Low Blood Sugar in Non-Diabetics

Blood sugar levels that drop too low can be just as dangerous as high blood sugar levels. This is especially a concern for diabetics, but nondiabetics can develop symptoms and health problems as well. To avoid complications it is important to be familiar with the warning signs of low blood sugar and what the common triggers are. If caught early, raising blood sugar levels with food can help avoid a life-threatening situation.

Someone is getting their blood sugar tested. (Image: Piotr Adamowicz/iStock/Getty Images)


Low blood sugar, or hypoglycemia, is diagnosed when blood sugar or blood glucose levels drop below normal. Glucose is the primary source of fuel for the body and without enough of it, symptoms and health problems can occur. After a meal the food is broken down into glucose and either used immediately for energy or it is stored for use later on. According to the National Diabetes Information Clearinghouse, when blood glucose levels drop too low, the pancreas signals the liver to release the stored glucose into the bloodstream, until levels return to normal. If not enough glucose is available, symptoms can occur. For those without diabetes, normal fasting blood glucose levels should be between 70 to 99 mg/dL and between 70 to 140 mg/dL after eating a meal.


Without enough glucose the body will not be able to function normally. Early warning signs of low blood sugar include hunger, fatigue, sweating, headaches, shakiness, dizziness, weakness, confusion, difficulty coordinating movement, anxiety, problems with vision, upset stomach and trouble speaking, Medline Plus states. If left untreated, hypoglycemia can cause fainting, a loss of consciousness, irregular heartbeats, tremors, seizures and coma. In severe cases it can be fatal.


In those without diabetes, low blood sugar levels are usually caused by skipping meals or heavy alcohol consumption. However, certain medications can cause blood sugar levels to drop as can diseases that affect the adrenal or pituitary glands, which control hormone secretions, the Mayo Clinic reports. While rare, a tumor in the pancreas may cause too much insulin to be released, which can lower blood glucose to dangerous levels. Patients who have had gastric bypass surgery may develop a condition called reactive hypoglycemia in which the body releases too much insulin after meals. Diseases that affect the liver and kidneys can also interfere with the body's ability to regulate blood glucose. If hypoglycemia cannot be linked to skipping meals or alcohol consumption, a physician can run tests to determine the underlying cause.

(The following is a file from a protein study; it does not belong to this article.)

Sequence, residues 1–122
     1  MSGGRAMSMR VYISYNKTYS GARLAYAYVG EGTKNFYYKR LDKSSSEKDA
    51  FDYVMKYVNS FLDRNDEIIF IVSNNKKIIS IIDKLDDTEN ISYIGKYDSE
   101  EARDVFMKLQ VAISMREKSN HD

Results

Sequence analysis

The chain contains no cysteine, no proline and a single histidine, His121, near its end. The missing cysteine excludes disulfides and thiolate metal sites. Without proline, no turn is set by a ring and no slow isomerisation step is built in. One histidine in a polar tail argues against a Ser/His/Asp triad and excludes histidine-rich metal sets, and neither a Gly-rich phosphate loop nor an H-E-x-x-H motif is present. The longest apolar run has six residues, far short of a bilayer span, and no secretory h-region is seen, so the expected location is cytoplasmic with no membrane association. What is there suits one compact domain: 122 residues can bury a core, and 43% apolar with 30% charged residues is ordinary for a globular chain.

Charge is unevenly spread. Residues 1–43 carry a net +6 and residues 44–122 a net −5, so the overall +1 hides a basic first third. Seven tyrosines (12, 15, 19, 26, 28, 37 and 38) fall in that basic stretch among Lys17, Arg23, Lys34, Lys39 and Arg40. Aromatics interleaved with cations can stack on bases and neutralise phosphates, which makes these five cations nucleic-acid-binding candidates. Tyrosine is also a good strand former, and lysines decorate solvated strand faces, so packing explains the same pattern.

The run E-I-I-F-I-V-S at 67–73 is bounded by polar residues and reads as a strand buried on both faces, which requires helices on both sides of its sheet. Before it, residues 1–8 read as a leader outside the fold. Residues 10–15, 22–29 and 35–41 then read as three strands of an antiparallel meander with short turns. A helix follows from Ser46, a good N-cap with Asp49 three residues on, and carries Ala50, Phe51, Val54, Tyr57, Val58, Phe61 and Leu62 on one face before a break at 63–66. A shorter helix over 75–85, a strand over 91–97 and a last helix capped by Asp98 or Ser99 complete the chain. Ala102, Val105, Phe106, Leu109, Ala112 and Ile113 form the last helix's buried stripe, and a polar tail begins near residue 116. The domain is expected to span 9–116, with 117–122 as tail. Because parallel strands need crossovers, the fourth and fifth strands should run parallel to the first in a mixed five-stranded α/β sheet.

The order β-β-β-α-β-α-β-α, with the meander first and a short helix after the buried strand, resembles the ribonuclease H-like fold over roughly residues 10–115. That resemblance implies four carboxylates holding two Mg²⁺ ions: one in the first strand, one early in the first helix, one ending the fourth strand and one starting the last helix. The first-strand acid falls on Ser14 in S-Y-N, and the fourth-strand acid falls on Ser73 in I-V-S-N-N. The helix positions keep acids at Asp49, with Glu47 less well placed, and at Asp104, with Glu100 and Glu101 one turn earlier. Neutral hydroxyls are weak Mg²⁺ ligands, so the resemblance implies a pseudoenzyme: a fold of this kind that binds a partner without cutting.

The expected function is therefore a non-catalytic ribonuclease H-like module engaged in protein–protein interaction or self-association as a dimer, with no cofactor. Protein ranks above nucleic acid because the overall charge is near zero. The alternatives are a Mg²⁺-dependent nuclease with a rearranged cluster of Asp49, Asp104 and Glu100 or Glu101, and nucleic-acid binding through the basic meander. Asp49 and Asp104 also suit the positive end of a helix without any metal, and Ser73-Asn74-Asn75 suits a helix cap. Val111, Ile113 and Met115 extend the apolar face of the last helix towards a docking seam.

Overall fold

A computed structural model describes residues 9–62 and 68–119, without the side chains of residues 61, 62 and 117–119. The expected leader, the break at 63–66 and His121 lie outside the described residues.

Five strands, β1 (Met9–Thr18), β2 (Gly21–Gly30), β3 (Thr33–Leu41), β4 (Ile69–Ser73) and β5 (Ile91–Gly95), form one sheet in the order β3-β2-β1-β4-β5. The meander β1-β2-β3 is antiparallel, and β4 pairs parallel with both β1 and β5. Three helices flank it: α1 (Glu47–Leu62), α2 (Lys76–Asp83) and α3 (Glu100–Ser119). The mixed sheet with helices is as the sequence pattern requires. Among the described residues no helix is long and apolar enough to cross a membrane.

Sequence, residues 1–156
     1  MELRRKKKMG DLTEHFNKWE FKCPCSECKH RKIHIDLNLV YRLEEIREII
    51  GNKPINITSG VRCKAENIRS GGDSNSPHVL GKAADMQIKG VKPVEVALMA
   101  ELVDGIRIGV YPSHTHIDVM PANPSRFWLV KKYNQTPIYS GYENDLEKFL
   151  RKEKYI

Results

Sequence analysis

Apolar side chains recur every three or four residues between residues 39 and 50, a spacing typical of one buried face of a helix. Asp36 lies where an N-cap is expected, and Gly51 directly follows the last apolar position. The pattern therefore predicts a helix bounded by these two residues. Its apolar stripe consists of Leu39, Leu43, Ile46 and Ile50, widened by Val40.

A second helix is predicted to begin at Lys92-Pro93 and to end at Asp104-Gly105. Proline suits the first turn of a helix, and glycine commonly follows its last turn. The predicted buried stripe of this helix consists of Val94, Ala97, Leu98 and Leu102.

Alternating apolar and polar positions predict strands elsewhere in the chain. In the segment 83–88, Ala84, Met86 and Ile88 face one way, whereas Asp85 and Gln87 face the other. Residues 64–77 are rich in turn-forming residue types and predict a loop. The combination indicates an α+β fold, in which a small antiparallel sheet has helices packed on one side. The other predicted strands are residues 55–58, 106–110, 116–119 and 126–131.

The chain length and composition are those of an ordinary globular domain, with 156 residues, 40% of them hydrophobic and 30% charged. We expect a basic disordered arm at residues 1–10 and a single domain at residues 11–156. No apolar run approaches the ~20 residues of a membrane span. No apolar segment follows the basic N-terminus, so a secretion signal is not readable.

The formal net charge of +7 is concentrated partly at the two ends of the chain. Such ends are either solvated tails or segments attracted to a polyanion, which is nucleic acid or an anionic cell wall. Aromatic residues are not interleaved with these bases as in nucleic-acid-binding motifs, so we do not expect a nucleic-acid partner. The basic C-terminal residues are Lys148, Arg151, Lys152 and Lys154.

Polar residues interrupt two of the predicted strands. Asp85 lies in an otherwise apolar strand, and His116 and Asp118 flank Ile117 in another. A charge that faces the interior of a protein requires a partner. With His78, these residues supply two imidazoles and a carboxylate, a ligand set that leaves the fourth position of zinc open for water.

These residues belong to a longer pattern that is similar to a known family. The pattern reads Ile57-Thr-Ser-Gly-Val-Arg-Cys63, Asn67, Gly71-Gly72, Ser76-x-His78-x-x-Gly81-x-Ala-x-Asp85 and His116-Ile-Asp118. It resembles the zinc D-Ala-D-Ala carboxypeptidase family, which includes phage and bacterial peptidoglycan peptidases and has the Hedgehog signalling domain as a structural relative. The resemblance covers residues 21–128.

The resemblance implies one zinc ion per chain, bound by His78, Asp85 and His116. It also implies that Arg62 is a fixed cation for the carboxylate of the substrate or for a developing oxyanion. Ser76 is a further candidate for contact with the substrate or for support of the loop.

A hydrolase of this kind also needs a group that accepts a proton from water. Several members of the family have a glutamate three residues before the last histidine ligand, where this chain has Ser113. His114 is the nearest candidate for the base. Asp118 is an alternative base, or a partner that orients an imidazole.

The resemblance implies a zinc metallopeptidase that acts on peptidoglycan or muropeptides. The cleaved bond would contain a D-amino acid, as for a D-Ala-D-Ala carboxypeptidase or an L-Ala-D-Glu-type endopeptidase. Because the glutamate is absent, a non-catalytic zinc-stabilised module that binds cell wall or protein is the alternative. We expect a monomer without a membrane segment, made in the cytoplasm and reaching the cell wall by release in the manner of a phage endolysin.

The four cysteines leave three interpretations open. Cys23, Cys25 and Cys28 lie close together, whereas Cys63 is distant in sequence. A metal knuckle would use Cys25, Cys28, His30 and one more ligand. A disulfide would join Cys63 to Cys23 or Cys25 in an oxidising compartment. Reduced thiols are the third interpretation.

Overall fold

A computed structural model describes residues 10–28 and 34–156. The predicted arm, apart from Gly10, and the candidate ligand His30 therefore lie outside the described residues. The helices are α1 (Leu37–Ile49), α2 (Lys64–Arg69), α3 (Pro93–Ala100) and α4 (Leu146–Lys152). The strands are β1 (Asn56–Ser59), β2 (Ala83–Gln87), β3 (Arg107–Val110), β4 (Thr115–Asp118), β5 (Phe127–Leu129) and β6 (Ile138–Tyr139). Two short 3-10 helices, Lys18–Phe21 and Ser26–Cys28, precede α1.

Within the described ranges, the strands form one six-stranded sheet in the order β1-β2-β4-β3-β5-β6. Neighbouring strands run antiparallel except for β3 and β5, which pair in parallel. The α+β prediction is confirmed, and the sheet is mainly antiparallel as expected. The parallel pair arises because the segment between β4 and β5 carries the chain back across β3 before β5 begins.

Eating carbohydrates is the first step in treatment for nondiabetic hypoglycemia. The American Diabetes Association suggests 1/2 cup of juice or regular soda, 2 tablespoons of raisins, 4 or 5 saltine crackers, or glucose tablets can be used. Then wait about 10 to 15 minutes to see if symptoms improve. If not, eat more carbohydrates and wait again. If symptoms persist consult with a medical professional. If a victim is unconscious, glycogen will need to be given through an IV. If there is an underlying disease causing the symptoms, then medications may be prescribed to help control hormone levels.


The best bet is to take steps to prevent low blood sugar. Drugs.com recommends eating five to six small meals a day to keep blood sugar levels steady with three to four servings of carbohydrates at meals and one to two servings for snacks. Avoid high sugar foods and watch caffeine intake, as both can make hypoglycemia worse. Drink alcohol in moderation, which means no more than one drink for women and two drinks for men each day, and make sure to consume carbohydrates if drinking.

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